We are now ACO certified Organic! To off set sugar even further we stay well away from the likes of stevia and other nasty substitutes. We’ve also been working with New Zealand using Monk fruit that actually a sweet taste without any negatives, infact it has medicinal benefits and was used by Buddist Monks 500+ years ago within Asia. 

  1. Where do you see your business and products in the future?

We’re also expanding our offering into premium foodservice outlets with our 4L and 10L formats for postmix and free pour tap solutions that allows in-house craft organic soda to be served for just 60 cents a serve and as such moves the profit from $1 to $5 a serve. Not to mention all the extra fridge and stock space, plus the hassle that comes with stacking and getting rid of unsightly bottles – and you’re giving the planet a break too! Being low sugar and organic, many people who would normally just drink water now consider soda with their meal.”

Buy these amazing additions to your pantry here

We would love to hear what your favourite flavour is or how you get create with them. You can email us at or post photos with the #deliciousdelivered and tag @pickettandplough

What’s lies in the skies above your building?

Posted on May 12, 2017 by Claire Mukhi

Did you know our city is scattered with beehives resting on the tops of our commercial and residential buildings?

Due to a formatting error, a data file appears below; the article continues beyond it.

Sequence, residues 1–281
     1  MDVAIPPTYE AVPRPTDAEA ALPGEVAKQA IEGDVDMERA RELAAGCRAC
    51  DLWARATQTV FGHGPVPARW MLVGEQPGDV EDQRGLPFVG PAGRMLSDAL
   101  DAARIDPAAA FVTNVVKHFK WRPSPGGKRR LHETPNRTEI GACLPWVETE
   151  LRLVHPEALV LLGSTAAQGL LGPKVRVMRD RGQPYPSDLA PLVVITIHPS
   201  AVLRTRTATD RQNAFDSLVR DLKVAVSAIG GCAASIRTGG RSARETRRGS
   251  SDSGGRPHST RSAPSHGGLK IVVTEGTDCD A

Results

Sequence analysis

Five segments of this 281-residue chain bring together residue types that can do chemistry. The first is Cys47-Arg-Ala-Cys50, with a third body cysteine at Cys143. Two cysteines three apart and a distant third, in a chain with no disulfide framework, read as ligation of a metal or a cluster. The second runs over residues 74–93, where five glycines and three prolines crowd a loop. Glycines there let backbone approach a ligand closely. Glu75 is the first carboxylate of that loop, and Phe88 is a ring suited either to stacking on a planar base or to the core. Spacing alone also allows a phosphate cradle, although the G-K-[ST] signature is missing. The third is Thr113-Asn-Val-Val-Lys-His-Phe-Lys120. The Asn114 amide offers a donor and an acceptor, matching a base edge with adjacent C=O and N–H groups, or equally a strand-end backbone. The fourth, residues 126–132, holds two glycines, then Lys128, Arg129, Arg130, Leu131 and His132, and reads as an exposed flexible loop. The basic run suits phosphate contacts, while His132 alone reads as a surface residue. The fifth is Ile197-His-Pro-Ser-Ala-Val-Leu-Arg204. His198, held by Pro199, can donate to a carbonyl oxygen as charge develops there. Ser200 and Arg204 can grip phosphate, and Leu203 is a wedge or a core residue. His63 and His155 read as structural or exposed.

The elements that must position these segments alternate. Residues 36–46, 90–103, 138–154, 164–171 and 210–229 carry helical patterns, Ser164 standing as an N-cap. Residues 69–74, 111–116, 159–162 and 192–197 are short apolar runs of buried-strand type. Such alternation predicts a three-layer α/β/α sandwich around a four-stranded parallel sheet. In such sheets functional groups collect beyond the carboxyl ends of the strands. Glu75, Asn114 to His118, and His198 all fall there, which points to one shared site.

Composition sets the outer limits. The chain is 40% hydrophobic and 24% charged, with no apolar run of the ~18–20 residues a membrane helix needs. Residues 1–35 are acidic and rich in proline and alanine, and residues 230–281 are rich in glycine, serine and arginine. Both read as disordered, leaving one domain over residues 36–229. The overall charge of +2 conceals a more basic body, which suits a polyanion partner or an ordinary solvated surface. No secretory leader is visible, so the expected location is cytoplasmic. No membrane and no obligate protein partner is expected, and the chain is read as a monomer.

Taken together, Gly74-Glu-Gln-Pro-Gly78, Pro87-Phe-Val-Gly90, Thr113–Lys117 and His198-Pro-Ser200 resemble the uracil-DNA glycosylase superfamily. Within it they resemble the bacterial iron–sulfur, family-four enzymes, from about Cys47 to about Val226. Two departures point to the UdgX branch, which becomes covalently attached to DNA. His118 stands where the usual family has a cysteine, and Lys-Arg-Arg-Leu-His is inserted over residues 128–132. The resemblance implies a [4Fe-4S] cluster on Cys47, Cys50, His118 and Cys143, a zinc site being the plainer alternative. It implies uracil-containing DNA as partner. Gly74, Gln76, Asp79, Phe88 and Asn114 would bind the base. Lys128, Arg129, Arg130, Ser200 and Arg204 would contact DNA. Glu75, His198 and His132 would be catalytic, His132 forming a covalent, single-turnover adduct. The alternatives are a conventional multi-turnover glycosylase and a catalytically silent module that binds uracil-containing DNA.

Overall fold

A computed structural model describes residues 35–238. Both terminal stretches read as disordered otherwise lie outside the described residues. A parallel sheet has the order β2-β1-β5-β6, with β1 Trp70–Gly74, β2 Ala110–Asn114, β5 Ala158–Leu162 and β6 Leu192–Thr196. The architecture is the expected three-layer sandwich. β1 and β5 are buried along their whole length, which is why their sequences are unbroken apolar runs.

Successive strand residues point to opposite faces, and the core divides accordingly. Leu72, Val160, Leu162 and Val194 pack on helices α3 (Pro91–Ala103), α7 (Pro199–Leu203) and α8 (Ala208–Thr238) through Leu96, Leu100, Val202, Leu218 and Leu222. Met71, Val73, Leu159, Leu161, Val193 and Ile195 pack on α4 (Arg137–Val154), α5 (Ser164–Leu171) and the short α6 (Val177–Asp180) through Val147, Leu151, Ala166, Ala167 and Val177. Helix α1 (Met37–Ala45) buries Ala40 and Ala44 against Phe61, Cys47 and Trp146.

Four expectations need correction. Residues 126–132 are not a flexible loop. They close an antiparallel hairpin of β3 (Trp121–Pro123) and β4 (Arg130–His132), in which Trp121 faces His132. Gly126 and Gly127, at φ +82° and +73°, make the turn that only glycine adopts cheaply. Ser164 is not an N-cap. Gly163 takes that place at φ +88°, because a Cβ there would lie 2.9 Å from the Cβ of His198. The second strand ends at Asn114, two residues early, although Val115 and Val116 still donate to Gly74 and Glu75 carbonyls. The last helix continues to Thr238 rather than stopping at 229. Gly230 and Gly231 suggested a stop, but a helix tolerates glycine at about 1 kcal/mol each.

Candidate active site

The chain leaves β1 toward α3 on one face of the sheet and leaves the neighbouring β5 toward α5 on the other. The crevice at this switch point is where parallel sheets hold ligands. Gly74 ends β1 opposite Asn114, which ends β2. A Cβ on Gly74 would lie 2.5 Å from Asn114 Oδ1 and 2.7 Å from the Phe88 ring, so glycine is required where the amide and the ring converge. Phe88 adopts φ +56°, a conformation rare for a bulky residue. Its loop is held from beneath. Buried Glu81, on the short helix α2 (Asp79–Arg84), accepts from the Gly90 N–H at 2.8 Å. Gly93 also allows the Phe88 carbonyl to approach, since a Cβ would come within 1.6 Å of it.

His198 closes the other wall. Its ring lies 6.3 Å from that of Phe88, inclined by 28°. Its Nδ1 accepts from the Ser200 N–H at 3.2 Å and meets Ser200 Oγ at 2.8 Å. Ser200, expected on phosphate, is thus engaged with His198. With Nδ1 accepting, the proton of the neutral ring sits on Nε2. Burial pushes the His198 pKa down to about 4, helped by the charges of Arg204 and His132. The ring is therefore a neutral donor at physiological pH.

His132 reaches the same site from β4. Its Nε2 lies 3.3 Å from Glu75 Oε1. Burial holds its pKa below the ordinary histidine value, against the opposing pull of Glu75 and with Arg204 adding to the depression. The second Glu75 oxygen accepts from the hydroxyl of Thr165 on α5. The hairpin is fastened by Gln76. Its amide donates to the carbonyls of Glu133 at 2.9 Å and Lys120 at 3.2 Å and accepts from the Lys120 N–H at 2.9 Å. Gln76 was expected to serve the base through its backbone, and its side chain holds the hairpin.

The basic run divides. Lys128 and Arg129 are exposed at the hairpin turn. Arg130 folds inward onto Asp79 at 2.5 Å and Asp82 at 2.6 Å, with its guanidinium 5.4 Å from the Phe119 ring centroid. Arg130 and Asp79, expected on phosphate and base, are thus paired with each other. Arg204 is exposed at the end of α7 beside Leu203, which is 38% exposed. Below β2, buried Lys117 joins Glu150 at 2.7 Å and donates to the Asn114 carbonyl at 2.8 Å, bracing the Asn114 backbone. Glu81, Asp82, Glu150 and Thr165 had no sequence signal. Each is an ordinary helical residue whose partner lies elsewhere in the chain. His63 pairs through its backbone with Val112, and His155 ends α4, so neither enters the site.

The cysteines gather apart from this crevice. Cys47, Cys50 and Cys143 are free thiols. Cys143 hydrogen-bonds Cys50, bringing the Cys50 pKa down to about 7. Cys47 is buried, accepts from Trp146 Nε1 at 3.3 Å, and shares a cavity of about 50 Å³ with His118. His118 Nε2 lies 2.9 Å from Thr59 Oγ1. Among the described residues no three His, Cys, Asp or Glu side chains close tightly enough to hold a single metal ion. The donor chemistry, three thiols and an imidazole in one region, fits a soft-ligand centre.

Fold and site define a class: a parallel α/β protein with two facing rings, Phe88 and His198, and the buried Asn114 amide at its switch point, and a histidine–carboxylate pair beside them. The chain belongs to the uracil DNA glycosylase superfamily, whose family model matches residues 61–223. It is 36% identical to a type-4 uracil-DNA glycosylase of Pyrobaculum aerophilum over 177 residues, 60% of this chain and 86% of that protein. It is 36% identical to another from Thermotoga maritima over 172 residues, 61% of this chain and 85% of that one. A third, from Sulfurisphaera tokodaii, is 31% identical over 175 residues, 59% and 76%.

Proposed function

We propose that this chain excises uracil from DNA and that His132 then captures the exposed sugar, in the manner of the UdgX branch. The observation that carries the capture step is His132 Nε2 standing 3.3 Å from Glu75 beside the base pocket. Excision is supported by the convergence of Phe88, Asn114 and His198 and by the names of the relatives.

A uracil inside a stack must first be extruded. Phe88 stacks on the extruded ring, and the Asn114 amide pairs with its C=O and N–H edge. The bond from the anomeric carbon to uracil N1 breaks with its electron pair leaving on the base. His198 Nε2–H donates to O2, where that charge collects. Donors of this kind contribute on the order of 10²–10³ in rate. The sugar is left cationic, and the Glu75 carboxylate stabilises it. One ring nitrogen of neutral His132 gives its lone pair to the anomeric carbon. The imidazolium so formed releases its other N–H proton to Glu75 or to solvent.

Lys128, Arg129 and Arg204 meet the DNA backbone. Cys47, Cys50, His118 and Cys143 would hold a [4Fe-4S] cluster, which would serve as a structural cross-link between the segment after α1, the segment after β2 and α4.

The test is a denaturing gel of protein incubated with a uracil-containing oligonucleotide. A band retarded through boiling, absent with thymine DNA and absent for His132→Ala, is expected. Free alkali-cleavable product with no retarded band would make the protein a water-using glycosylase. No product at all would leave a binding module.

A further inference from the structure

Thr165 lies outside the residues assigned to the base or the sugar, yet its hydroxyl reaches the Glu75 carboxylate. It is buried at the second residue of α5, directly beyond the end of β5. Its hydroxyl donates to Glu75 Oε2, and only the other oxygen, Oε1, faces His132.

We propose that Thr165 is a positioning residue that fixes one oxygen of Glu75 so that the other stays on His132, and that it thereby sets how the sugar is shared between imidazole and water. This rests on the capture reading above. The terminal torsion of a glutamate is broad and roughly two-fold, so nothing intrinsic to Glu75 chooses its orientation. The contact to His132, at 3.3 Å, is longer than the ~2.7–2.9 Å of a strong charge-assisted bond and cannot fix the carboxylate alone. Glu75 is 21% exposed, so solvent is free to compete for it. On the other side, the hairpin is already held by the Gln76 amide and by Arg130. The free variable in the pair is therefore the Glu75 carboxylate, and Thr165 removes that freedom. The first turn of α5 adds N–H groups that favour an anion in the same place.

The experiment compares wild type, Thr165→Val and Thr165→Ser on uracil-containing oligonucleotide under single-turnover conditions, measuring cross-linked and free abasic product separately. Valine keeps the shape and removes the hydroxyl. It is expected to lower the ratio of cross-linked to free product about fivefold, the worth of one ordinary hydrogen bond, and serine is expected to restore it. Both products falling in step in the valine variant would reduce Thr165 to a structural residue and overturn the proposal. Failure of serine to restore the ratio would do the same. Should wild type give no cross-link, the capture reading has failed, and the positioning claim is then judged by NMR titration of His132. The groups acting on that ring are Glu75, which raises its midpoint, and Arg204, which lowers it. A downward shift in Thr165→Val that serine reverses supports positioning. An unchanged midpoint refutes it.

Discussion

The Urban Beehive started in 2010 with the aim of supporting the honeybees that do their critically important work in urban Sydney.

It is driven by two beekeepers, Doug Purdie and Vicky Brown, who met through the NSW Beekeepers Association and decided things were getting serious with bees.

Internationally, bees are in drastic decline, with whole populations being destroyed overnight as a result of introduced threats. The Urban Beehive has been established to help protect local bee populations against these threats; and to raise awareness of the plight of all our beneficial insects.

Now you can enjoy the honey from your local area. Buy yours here.


How 'free' is your free-range?

Posted on May 20, 2016 by Claire Mukhi

Free for the picking

Posted on May 05, 2016 by Claire Mukhi

Community Gardens aren't necessarily a new concept, but just how up to speed are you with what lies beyond your back fence? 

A true foodie knows the difference a pungent fresh herb or crunchy new veggies can make to a dish although a lot of us are blissfully unaware of just how many are lying around us, free and ready to be picked!

Community gardens and urban farms are places where people come together to grow fresh food, to learn, relax and make new friends. 

If you are passionate about good quality produce but you don’t have the space or resources, you can still keep your green thumbs busy by getting involved with a local community garden. Community gardening offers you the opportunity to grow and harvest your own produce. It also creates more green patches of vegetables, plants and flowers across the city.

To explore what lies amongst your streets you can view registered gardens here or better still, go and register a garden you start. 


Who ate all the pies?

Posted on April 15, 2016 by Claire Mukhi

Everyone loves a good Sunday Night roast but what do you do with your left over meat and veggies? As the cooler months draw closer there's nothing better than crispy, flaky pastry filled with the goodness of last nights roast. 

At Pickett & Plough we believe in a few fundamental rules for your kitchen:

1. Always have a lemon in your fruit bowl
2. Always have puff pastry in your freezer
3. Always have a block of butter in your fridge

You'll find these 3 simple rules make life a lot easier when putting meals together. 

It's Pie Time: